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A Pleasant Surprise on My Return to Coney Island

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Imagine, if you will, how hot New York City would have been during the summers of the early 1900s. My grandfather, living in a sweltering tenement on the Lower East Side of Manhattan (in a small apartment with his parents and seven brothers and sisters), had gas lamps lighting his rooms and there was no such thing as fans or air conditioners. To escape the heat he and his brothers sometimes swam in the East River, but it was like a vacation when they could make their way over to Brooklyn to visit a magical and mystical place named Coney Island for the day.

Coney Island was first known as a glitzy resort and then as a beach for the public: a people's playground where the poor, everyday working class could make their way to the beach, shed their knickers, and jump in the surf. Still, the "old" Coney Island (back when it was truly an island before the water was filled in for connecting roadways) was a bonafide resort for the wealthy, a paradise of hotels, amusement parks, arcades, and the wonderful sandy beach. My grandfather also remembered that during the Depression the hotels and amusement parks closed down, and a more risque side of things popped up: saloons, gambling halls, burlesque theaters, and circus sideshows.

Before I went on my excursion, I remembered the Coney Island I knew as a kid: the boardwalk appeared to be falling apart, the rides seemed to shake and rattle more than they rolled, and the establishments that remained seemed barely able to stand up against the wind. Yes, I still enjoyed shooting pop guns at moving targets, eating cotton candy, and going on some rides, but it was the beach that attracted me most of all. What else does a kid with a shovel and a pail need?

With all this in mind, on a recent beautiful June day, I ventured down to Coney Island in Brooklyn, New York, to see how much it has changed since I was a boy. I am pleased to report that the wonderful beach remains as it was, but the grittiness of the surrounding area has been replaced by a shining bright and polished glow that makes it much bigger and better than I remember.


This is the subway station one block away from the beach.

Coming out of the subway at the Coney Island-Stillwell Avenue stop, you have a short walk down Stillwell Avenue to the boardwalk, but first look to your right and you will see a true New York City landmark on the corner of Surf and Stillwell Avenue: Nathan's Famous Restaurant.


The one and only Nathan's Famous Restaurant.

Yes, this is the Nathan's of the Fourth of July Hot Dog Eating Contest (the names of winners over the years are listed on the Stillwell Avenue side wall). You will see people standing at the service windows on Surf Avenue waiting for their orders. Stop to take a picture of the retro metallic silver facade and the big yellow sign before you go, but remember to come back after your tour for a true taste of Americana: Nathan's hot dog.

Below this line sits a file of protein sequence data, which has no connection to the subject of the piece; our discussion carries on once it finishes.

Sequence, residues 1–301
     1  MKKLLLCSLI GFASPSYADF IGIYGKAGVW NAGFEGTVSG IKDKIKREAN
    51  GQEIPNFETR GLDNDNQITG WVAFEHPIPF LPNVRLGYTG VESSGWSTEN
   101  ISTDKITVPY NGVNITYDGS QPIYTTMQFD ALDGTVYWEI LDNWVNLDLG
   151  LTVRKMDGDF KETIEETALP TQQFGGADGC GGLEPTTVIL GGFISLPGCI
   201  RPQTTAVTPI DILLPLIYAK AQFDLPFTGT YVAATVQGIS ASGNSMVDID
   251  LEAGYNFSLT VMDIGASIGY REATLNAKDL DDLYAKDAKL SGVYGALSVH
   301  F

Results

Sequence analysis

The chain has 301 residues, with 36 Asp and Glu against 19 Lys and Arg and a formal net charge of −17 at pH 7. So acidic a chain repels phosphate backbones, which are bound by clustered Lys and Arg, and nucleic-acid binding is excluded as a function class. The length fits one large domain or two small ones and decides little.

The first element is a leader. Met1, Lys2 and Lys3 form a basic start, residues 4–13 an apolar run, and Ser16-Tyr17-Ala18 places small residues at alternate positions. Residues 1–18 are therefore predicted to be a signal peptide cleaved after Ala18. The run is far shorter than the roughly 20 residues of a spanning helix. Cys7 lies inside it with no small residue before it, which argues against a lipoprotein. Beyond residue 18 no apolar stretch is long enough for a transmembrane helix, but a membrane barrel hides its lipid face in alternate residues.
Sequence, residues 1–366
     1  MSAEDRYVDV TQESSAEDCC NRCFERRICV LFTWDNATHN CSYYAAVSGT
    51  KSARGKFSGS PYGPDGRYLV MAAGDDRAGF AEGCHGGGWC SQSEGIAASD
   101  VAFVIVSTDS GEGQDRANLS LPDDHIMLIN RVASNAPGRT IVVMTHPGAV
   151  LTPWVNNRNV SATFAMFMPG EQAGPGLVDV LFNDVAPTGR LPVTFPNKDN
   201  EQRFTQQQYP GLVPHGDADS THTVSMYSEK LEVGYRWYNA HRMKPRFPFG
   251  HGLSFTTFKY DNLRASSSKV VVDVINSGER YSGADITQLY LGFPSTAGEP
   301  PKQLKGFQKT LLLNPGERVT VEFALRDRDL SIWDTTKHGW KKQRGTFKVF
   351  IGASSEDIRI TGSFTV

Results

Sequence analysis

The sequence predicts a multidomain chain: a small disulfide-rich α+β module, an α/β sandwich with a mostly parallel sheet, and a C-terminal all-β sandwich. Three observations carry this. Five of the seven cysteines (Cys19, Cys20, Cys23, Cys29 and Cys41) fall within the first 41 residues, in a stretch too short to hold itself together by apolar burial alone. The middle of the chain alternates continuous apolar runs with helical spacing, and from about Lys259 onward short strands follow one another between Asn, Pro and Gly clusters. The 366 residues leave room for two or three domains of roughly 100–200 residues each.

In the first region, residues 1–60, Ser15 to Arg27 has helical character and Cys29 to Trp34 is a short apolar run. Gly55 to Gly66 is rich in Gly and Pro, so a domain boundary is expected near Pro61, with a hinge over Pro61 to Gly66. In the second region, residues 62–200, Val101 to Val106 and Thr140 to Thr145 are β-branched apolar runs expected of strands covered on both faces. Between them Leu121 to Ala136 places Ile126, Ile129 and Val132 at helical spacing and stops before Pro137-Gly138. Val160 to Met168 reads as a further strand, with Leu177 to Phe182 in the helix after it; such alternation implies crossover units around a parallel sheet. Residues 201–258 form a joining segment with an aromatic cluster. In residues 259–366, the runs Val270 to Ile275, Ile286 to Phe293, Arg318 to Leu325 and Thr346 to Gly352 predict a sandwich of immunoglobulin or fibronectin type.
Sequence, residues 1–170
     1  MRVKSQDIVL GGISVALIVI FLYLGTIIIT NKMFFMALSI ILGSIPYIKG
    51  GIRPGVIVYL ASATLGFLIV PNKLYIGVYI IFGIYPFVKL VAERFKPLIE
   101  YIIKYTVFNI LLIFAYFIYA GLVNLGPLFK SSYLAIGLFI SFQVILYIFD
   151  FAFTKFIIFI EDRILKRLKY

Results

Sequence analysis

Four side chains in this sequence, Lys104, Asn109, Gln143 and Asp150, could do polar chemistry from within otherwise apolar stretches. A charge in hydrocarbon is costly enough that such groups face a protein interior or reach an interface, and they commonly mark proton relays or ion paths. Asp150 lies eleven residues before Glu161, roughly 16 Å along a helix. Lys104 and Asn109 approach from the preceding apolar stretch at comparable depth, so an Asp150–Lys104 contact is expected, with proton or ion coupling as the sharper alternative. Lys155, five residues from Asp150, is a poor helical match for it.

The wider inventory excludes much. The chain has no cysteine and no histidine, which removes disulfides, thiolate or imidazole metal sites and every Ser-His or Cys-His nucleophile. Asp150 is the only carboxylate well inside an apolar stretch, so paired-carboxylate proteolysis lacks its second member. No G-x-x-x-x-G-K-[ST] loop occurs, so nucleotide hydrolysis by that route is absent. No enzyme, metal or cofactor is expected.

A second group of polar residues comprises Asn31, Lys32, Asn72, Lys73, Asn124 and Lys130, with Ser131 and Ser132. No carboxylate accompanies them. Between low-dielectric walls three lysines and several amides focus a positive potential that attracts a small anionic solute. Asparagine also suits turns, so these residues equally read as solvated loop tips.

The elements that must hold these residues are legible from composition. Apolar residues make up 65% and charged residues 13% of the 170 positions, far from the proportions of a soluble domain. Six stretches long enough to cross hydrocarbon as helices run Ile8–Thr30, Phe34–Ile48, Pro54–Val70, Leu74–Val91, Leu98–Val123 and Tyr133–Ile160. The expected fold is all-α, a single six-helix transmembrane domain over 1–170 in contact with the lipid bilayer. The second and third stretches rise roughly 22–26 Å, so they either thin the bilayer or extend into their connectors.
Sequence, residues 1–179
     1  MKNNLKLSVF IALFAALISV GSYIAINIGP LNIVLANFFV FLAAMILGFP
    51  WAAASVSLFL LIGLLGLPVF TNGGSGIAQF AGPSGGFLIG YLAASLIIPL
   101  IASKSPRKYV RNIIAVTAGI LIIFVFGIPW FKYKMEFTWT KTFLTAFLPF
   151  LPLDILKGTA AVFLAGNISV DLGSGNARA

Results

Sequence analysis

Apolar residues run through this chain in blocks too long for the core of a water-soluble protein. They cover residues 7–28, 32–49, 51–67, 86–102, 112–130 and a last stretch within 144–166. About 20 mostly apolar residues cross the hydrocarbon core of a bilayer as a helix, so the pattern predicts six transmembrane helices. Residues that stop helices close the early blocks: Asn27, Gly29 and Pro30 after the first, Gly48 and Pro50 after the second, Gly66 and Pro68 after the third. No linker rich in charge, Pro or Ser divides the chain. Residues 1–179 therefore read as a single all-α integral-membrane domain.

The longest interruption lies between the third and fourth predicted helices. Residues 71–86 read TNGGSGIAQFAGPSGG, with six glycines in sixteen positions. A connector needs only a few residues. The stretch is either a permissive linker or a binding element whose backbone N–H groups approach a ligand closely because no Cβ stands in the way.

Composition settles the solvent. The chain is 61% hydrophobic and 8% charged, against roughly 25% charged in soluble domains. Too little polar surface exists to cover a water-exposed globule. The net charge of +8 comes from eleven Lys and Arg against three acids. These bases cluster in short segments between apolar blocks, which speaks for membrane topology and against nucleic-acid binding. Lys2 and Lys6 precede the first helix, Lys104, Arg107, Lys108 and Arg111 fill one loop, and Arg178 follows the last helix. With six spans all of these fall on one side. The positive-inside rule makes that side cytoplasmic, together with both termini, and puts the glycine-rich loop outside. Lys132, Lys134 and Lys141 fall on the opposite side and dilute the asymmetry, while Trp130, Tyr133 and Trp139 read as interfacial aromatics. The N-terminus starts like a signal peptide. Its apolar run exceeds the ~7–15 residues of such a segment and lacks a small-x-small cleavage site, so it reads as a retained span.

These shops along the boardwalk offer everything from tacos to ice cream.

Once you get to the boardwalk (now looking as good as new), many more choices await you. I don't remember as many souvenir shops, snack bars, and restaurants being there when I was a kid, especially in the vicinity of the brick bathhouse (where you can use the facilities when needed), but they are there now. Everything seems very clean, spruced-up, and the store clerks, cashiers, and waiters are all friendly and ready to help.


A view of the Parachute Jump from the boardwalk.

When you come up the ramp and onto the boardwalk from Stillwell Avenue, turn right and you will see the impressive Parachute Jump from the old Steeplechase Park as it rises up to the sky. Obviously coated with fresh red paint to make this open steel structure (reminiscent of the iconic Unisphere in Flushing Meadows Park) stand out even more, the 260-foot Parachute Jump can be seen from near and far.

According to my father's recollection, the ride was originally featured at the 1939 World's Fair in Queens and moved to Coney Island later on. He said you had to put on a type of harness connected to a parachute, were yanked all the way up, heard a clicking sound, and then dropped as if you were jumping from a plane. He said, "You were very high up and the drop was exhilirating," and I am sure that it was. The ride closed in 1968, so I never got the opportunity to enjoy its thrills, but the structure remains and is now protected as a landmark.

About Victor Lana

Victor Lana has published numerous stories, articles, and poems in literary magazines and online. His books In a Dark Time (1994), A Death in Prague (2002), Move (2003), The Savage Quiet September Sun: A Collection of 9/11 Stories (2005) and Like a Passing Shadow (2009) are available online and as e-books. He has won the National Arts Club Award for Poetry, but has concentrated mostly on fiction and non-fiction prose in recent years. He has worked as faculty advisor to school literary magazines and enjoys the creative process as a writer, editor, and collaborator. He has been with Blogcritics since July 2005, has edited many articles, was co-head sports editor with Charley Doherty, and now is a Culture and Society editor. He views Blogcritics as one of most exciting, fresh, and meaningful opportunities in his writing life.